It’s bad enough that it’s said that Roy Hodgson wouldn’t have had the England Manager’s job if Harry Redknapp’s wife hadn’t asked her husband to turn it down. Now the focus is on Roy Hodgson’s pronunciation of “r”. Roy Hodgson comes across as a genial fellow and a natural leader. His voice and his soft “r”, sound gentle and modulated. His articulation is clear. The Sun’s headline:
“Bwing on the Ewos”
brought in many complaints including one from the FA. Are they justified? In this instance probably yes. Roy Hodgson’s stature and experience in the world of football seems belittled by the headline which is impersonal and doesn’t impart a feeling of warmth and humour. Fans at Hodgson’s former employer, Fulham FC, had a banner bearing the legend “In Woy We Twust” which does have that feeling of warmth and affection.
While Jonathon Ross or “Wossy” does lean on his pronunciation of “r” as “w” because it’s become part of his trademark and suits his cheeky style, Roy Hodgson does not and his is very slight. It’s not uncommon for people who can pronounce an “r” rhotically to adapt the “w” pronunciation, as an affectation or way of speaking that’s different. For many years the “w” pronunciation of “r” was considered the stamp of the ruling class. This is said to have stemmed from Earl Carrington, 1st Marquess of Lincolnshire, who adopted the “w” pronunciation instead of “r” when he heard the officers around him talking in perfect RP. He was said to have adopted this pronunciation in order to signify his higher status. The affectation spread among those who were also keen to appear part of the ruling class.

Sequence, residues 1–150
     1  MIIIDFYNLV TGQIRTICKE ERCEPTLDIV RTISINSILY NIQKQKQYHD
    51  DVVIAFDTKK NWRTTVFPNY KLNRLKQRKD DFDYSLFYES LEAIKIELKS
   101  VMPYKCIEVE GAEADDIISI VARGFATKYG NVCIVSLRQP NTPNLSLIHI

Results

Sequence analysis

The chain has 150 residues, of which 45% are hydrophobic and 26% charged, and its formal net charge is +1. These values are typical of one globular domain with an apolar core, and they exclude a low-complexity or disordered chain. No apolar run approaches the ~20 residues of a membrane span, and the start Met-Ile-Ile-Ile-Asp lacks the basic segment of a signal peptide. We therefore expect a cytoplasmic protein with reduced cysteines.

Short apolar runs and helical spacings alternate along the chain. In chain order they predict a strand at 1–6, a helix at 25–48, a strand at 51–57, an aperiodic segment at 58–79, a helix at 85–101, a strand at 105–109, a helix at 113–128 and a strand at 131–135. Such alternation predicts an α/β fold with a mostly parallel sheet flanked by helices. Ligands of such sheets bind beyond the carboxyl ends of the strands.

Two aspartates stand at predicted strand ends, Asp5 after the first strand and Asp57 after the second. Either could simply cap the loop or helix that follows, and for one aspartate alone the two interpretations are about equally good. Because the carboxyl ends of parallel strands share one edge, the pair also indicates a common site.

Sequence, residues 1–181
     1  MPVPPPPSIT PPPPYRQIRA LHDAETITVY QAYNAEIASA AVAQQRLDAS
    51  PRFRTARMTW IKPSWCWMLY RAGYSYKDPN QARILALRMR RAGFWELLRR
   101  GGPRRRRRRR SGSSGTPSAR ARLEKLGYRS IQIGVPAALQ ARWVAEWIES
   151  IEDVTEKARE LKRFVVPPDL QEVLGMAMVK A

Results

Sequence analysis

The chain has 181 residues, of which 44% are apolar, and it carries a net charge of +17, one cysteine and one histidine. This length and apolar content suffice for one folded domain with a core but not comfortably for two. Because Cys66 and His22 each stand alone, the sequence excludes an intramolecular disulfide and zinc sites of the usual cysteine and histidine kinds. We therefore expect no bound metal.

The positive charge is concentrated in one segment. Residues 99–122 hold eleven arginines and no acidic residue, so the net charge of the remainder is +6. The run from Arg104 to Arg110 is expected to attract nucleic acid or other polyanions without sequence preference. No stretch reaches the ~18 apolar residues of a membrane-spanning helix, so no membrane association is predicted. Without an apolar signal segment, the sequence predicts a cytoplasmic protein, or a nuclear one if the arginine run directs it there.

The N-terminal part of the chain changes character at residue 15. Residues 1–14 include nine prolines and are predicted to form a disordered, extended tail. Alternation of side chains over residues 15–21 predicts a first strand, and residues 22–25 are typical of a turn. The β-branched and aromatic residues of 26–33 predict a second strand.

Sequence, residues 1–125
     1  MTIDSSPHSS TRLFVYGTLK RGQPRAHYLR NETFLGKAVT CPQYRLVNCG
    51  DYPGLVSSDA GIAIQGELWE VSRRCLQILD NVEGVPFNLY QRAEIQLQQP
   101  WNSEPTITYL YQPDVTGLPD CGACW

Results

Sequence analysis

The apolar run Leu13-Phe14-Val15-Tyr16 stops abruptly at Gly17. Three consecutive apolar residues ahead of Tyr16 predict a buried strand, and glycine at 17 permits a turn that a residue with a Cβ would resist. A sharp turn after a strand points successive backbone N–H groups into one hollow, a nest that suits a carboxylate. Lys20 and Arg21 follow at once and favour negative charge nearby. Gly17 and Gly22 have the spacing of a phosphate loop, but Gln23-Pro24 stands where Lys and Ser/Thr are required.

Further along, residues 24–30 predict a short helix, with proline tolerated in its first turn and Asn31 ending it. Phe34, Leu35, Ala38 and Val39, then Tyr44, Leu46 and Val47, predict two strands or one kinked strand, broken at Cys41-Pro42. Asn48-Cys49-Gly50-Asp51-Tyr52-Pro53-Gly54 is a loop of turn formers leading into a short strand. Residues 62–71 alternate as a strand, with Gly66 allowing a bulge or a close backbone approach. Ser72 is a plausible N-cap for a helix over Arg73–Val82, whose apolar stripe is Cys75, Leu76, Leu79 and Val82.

In many instances the “w” pronunciation can be a habit left over from childhood. It’s endearing to hear a small child – and it happens especially if the child is the youngest of a large family – keep some vestige of baby talk. In other’s it can be because the skin (frenulum) attaching the tongue to the bottom of the mouth is too tight and the tongue is not able to curve back. In the 60s, over-zealous surgeons sometimes would cut the frenulum and unfortunately many were left with problems. The operation is still performed today but with the care and sensitivity as you would expect with ENT surgeons such as John Rubin. With patient exercise it’s possible to coach people into a firmer pronunciation of “r”.
Deirdre Finnerty writes on the BBC New magazine
“There will be plenty of people who think the row overblown. As Ross said: “Really it’s not a big deal. I wish we weren’t part of such a judgemental culture. It hasn’t ever bothered me. I’m used to it. And I’m sure it doesn’t bother Roy. He is an incredibly well-read, intelligent man, he will take it as a joke”